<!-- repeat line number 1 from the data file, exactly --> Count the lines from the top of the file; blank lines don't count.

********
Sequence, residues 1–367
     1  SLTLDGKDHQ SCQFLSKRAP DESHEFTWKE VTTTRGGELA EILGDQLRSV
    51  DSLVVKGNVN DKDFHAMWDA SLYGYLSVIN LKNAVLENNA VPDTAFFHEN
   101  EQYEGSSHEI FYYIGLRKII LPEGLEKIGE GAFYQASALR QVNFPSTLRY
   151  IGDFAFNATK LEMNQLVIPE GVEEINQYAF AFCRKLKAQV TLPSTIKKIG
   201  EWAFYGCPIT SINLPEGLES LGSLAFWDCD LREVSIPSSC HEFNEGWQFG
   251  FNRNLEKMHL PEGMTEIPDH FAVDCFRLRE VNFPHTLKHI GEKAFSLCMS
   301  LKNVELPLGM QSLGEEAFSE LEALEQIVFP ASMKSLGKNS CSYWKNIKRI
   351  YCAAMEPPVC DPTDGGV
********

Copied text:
Sequence, residues 1–367